Patagonia in Bloom
Local flowers have a big following in a small Arizona town.
Patagonia, Arizona, is small town located 60 miles south of Tucson and 30 miles north of the United States-Mexico border. There are no major supermarkets in town and, until Aishah Lurry started Patagonia Flower Farm launched in 2017, there were no flower farms.
“I loved having cut flowers but you had to travel pretty far to get them,” she recalls. “I knew that I wanted to walk out my door and see a sea of flowers…and it sparked the ideas that if I could grow flowers, I could sell them; it was a selfish whim.”
Although Lurry loved the idea of growing cut flowers, she had no experience. She purchased books and took flower farming classes through Floret before sowing the first seeds in a 4,000-square foot plot of leased land that sits 4,000 feet above sea level.
Lurry installed tall fencing to keep javelina, destructive mammals that look like wild boars, out of the gardens, and transformed a field of Johnson and sacaton grass into a flower farm that uses organic growing methods to produce colorful cut flowers.
With the first flowers in the field, Aishah turned her attention to marketing the blooms. She knew that most flower farmers set up booths at farmers’ markets to reach customers, generate sales, and build brand awareness but the self-described introvert didn’t want to follow that path.
“I never wanted to do farmers’ markets and have people asking, ‘Why are your flowers too expensive?’” she explains. “As an African American in a predominantly white area, I didn’t want to put myself out there and deal with all of the microaggressions.”
So Lurry developed alternative sales channels: she sold flowers like anemone, narcissus, sedum, scabiosa, snapdragons, yarrow, verbena, sunflowers, and zinnias from her farm through the local health food store, and developed a popular subscription program.
The subscription service included three different sizes of arrangements delivered over four, six or eight weeks. She started off delivering flowers in local areas, calling the subscription model “the foundation of [her] business” but the COVID-19 pandemic changed everything.
“COVID changed the model,” she recalls. “I had to think fast.”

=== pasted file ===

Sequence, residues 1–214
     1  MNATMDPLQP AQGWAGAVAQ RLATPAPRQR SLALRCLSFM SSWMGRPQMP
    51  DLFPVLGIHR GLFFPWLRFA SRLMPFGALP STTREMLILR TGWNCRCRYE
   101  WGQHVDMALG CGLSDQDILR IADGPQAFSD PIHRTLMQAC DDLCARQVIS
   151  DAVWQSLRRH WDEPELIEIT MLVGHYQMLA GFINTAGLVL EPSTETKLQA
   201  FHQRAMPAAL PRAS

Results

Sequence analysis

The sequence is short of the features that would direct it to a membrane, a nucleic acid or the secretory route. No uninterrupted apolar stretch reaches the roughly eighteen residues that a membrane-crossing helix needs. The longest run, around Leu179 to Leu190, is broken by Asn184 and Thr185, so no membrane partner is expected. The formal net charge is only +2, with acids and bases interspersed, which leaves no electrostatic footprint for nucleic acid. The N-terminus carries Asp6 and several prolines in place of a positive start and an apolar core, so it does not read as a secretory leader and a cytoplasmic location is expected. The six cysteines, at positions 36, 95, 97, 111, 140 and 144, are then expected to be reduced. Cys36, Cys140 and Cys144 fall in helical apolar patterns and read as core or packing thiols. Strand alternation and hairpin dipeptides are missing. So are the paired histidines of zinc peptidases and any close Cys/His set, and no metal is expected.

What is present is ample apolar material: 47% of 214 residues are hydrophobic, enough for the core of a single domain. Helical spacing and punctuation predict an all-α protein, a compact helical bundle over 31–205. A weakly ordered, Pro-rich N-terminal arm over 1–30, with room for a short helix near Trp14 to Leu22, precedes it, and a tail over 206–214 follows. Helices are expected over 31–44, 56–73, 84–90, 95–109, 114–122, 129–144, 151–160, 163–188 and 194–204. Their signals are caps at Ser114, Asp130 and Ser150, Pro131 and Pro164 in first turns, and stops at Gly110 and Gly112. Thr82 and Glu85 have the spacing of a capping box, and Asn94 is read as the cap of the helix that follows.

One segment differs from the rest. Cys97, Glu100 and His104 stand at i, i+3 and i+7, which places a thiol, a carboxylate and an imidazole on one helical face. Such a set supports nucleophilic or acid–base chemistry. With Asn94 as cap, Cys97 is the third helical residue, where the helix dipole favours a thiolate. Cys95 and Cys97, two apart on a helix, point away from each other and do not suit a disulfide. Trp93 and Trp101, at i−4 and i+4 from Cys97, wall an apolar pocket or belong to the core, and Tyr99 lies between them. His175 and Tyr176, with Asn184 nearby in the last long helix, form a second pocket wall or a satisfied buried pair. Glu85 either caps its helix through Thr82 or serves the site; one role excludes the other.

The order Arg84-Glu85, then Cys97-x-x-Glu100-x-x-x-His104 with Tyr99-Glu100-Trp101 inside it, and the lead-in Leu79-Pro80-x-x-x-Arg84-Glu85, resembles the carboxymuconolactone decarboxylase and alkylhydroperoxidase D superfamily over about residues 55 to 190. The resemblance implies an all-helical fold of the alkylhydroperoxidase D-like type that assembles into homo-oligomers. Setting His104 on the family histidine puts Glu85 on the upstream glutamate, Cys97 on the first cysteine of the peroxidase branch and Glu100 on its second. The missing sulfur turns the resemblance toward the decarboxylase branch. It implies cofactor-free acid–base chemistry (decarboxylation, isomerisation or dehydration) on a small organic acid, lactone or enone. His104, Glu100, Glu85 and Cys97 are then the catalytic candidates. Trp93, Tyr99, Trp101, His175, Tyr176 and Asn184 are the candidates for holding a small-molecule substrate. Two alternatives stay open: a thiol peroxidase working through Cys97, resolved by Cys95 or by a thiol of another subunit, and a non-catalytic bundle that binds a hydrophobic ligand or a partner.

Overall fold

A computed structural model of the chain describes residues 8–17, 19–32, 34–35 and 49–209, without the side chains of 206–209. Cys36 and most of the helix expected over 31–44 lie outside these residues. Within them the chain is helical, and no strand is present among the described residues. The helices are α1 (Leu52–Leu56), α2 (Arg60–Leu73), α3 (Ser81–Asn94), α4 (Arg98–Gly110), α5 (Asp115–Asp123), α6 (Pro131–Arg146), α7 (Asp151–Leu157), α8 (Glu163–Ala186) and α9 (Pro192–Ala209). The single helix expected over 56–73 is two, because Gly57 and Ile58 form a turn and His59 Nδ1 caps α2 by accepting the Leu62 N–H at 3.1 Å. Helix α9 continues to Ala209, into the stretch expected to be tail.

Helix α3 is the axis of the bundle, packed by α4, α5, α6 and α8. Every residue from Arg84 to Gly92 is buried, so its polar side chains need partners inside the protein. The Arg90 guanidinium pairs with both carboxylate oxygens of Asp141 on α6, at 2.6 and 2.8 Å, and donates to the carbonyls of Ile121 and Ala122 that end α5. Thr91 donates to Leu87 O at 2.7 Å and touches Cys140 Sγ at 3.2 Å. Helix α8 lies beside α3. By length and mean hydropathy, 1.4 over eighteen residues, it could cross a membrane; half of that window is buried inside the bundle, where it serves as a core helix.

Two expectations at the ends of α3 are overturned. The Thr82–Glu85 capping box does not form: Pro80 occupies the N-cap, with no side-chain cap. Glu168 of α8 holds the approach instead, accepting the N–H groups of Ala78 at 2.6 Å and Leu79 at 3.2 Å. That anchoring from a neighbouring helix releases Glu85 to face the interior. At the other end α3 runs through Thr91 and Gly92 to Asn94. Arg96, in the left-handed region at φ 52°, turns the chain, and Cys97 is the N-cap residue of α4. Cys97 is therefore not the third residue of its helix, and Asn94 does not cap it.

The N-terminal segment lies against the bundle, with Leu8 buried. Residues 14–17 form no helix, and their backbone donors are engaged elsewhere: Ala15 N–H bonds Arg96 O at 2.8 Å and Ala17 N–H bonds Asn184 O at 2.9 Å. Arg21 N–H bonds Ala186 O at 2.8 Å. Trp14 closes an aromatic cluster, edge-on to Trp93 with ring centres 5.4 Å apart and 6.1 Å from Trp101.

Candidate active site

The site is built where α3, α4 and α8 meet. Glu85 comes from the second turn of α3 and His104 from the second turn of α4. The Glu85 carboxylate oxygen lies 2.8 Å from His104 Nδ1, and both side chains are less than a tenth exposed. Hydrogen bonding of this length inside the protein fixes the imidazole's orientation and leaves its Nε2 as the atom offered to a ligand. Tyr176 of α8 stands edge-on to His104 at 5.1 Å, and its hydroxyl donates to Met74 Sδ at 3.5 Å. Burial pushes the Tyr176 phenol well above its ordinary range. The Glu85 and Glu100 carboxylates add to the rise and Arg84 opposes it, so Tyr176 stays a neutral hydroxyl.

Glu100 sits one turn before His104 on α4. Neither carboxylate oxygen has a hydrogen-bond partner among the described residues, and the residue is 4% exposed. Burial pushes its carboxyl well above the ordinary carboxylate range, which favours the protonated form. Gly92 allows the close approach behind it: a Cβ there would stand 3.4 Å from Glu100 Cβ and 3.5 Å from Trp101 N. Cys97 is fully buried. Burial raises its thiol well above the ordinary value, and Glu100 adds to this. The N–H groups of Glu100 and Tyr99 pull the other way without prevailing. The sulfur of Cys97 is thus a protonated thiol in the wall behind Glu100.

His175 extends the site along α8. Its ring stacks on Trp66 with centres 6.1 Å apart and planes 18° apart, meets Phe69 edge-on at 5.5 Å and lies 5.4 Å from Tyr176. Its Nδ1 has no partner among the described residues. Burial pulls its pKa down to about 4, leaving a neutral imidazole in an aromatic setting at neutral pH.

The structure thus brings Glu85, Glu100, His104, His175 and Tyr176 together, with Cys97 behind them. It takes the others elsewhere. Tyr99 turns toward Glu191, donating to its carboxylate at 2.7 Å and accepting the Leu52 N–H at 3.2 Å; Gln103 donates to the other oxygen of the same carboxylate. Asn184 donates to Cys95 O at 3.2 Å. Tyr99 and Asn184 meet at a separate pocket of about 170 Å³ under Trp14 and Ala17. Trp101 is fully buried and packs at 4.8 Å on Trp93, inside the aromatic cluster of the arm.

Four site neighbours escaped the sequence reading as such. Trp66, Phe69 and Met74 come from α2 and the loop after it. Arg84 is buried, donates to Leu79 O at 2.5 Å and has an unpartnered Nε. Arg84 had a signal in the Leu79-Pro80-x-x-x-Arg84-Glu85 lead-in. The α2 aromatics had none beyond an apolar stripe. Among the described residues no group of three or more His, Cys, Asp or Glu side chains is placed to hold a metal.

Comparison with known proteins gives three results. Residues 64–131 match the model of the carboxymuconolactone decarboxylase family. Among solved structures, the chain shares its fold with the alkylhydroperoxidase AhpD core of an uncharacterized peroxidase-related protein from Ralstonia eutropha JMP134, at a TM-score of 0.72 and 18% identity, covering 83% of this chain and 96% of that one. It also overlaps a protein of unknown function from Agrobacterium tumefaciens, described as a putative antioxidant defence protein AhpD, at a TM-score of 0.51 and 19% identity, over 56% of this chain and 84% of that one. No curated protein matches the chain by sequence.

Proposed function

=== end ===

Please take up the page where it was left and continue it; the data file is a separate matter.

When the pandemic started, Lurry worked overtime to meet the demand for fresh flowers but sales slowed this summer when regular customers left town for vacation; her subscription sales decreased 50 percent.
“My foundation was pulled out from underneath me,” she says. “I started doing things I said I’d never do.”
Aishah traded her red convertible for a van, which allowed her to haul more flowers and travel greater distances; she expanded her sales into Tucson and reached a much larger market.
“The first few years, I sold just in my town and built my foundation,” she says. “I always knew I’d have to leave town eventually.”
In addition to selling her cut flowers at a farmers’ market and an artisan market, Lurry also launched a mobile flower bar. She sets up three times per week, twice in Patagonia and once in Tucson, setting out flowers and inviting customers to choose their own fresh cut blooms and create one-of-a-kind bouquets on-site.
“I’m inviting people to have an experience,” she explains.
For Aishah, who operates Patagonia Flower Farm solo, setting out flowers (instead of selling pre-made bouquets) also reduces labor and increases profits. The flower bar has another unexpected benefit—it’s increased the amount people spend on flowers.
Lurry finds pricing individual stems much easier than establishing a price for an entire bouquet, and believes that flower bars are a good option for growers who are tempted to fill a vase with 40 stems and charge $10.
Instead of setting out $15 bouquets, she’s discovered that customers will spend $25 to $50 on DIY bouquets at the flower bar. It’s helped ease some of her nerves about establishing prices for her flowers.
“[When I make a bouquet], I have these thoughts like, ‘Oh, this is too expensive,’” she says. “The flower bar gets me out of that mindset because people are making their own decisions about how much to spend.”
Keeping Up with Demand
The farmers markets’ and flower bars have done more than help Lurry recoup the revenue from lost subscription sales; she’s also learned some unexpected lessons about herself.
“If you take an introvert and put them next to them what they’re passionate about, it works out really well,” she says. “I love being able to dress up and talk about flowers.”
Selling at events has also allowed her to introduce Patagonia Flower Farm to a broader community and to new customers—and she expanded the farm to keep up with the demand.
Aishah added an additional 4,000 square feet of growing space, filling it with native plants like penstemon, columbine, solidago, and jewels of Opar; she also added hoophouses and started experimenting with straw bale gardens (that the javelina tried to devour).
Expanding the farm doesn’t mean that Lurry has aspirations to become a large operation. She’d rather maintain a small farm that’s manageable for a solo grower, and plans to continue hosting pop-up flower bars and promoting the subscription program to new and returning customers.
“Even though there are crazy things going on with COVID, there are some great things, too [and] I’m so happy with where I’m at right now,” she says. “The biggest thing I’ve learned is how to use my flexibility muscle, and ebb and flow with the business to keep providing an outstanding, beautiful product for my customers.”